How US Brands Can Leverage Amazon for International Expansion

Prime is a game changer for global ecommerce

Author: Jasmine Enberg

November 20, 2018

Amazon is an ecommerce powerhouse in the US. But outside its country of origin, it accounts for only a small piece of worldwide retail ecommerce sales—13.3% in 2018 based on our latest forecast. But that doesn't mean marketers should discount Amazon's influence on consumers around the world. Experts agree that it's a remarkable tool for brands that want to expand internationally. 

Marketer's Jasmine Enberg spoke with Daniel Knijnik, co-founder and CEO of Amazon advertising agency Quartile and Andrea Omodei, head of digital and ecommerce at Italy-based cosmetics company Alfaparf Group, about the benefits of working with Amazon abroad and how Prime set customer expectations of the online shopping experience. Knijnik and Omodei were interviewed as part of eMarketer's November report "Amazon Around the World: 'Primed' for International Expansion but Faces Challenges from Alibaba, MercadoLibre, Flipkart and Others."

Why should US brands seriously consider selling their products on an international Amazon platform?

Daniel Knijnik

 Daniel Knijnik: Amazon is a familiar channel for US companies. They already sell on Amazon.com, so they have their product pages set up, and they know how logistics and marketing work on Amazon. It doesn't take a lot of extra work. 

here's a large possibility that Amazon will become dominant internationally. If it does, their products will already be there.

Andrea Omodei: Amazon isn't just an ecommerce platform—it's also an advertising medium. It's a way to reach a huge audience that can be hard to reach on other channels. In Italy alone, there are about 22 million unique visitors to Amazon per month, so working with Amazon is becoming mandatory.

Why do you think Amazon will become dominant abroad?

Daniel Knijnik: Once Amazon fully establishes Prime culture abroad, it'll be difficult for local ecommerce players to compete. We saw that happen here in the US. Prime customers can log in to their account, search for an item, and with a click or two they've bought it. And they know it'll arrive in two days. If they want to return it, they can press one button and it's done. That user experience is very hard to emulate.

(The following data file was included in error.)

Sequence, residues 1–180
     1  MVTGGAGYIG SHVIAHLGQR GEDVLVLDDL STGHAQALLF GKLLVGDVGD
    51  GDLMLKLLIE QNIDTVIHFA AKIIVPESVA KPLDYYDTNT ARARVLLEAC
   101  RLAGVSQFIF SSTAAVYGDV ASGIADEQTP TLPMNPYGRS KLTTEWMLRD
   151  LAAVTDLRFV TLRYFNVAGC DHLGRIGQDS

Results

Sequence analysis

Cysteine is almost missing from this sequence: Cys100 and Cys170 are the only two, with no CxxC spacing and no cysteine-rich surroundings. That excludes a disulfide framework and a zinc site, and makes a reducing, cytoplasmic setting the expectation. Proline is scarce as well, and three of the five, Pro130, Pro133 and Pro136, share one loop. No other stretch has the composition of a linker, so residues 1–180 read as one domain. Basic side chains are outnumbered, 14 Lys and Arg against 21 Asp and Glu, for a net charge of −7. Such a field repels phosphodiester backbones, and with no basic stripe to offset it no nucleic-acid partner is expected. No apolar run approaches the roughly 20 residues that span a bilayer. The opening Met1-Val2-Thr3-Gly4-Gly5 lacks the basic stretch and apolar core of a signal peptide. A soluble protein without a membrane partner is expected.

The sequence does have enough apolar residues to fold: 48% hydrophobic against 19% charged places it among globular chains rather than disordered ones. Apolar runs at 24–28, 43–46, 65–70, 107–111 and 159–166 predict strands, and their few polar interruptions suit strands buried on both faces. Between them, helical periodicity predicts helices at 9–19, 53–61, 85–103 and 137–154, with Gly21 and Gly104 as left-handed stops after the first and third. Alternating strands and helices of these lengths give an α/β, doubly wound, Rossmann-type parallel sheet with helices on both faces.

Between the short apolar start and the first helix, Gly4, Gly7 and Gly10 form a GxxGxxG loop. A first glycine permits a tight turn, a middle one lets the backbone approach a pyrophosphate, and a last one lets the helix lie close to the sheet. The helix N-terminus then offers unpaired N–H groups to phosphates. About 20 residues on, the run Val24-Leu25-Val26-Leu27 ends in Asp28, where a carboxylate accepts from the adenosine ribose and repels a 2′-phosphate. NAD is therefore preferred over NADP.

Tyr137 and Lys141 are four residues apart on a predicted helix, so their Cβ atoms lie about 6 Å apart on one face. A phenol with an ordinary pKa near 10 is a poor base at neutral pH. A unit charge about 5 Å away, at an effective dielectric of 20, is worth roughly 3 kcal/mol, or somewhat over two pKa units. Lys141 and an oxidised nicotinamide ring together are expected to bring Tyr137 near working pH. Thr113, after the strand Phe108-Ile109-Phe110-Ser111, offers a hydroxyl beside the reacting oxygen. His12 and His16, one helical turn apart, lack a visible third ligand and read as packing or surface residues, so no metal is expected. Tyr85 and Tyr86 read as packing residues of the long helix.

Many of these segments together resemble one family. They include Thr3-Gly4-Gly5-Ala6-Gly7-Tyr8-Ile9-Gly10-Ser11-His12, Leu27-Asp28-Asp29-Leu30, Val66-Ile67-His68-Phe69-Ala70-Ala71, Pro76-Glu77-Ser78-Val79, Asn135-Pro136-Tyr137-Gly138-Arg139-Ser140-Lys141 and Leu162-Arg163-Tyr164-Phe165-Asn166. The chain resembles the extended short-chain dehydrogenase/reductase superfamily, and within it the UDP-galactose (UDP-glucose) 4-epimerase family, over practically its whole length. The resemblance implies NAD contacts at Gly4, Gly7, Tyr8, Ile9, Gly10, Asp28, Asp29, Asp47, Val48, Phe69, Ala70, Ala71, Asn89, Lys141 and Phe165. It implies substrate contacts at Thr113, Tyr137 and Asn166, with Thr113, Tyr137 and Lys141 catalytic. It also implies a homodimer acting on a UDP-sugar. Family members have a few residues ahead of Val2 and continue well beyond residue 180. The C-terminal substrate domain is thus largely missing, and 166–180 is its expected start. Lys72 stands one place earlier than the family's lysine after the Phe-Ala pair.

Andrea Omodei

Andrea Omodei: Amazon has raised the bar for its competitors. Customers now expect to have the same level of service they get from Amazon everywhere else, and other digital retailers are struggling to match that.

With Prime, for example, you can order a product, and you know that it will arrive in 48 hours. Obviously, it can be more difficult for smaller, local retailers to offer the same level of service as Amazon, but shoppers don't care about that. They just want the best service they can get.

What advice do you have for companies looking to launch their products on Amazon's international platforms?

Daniel Knijnik: Use a local translation service to translate your listings and product pages to the language of every market you plan to sell in. Some of Amazon's international platforms, like Amazon.co.uk, reach customers from many different countries, so you have to translate to those languages as well.

Start small. Research what types of products are already popular in the countries you are interested in. Not all products have global appeal, so try to understand if people are interested in the products you want to take there. Then, choose a few products for a soft opening based on that criteria.

Andrea Omodei: Listing your product on Amazon is just the beginning. You also need to promote the listing to boost your relevance in search results on the platform. Amazon gives you the advertising tools to do that.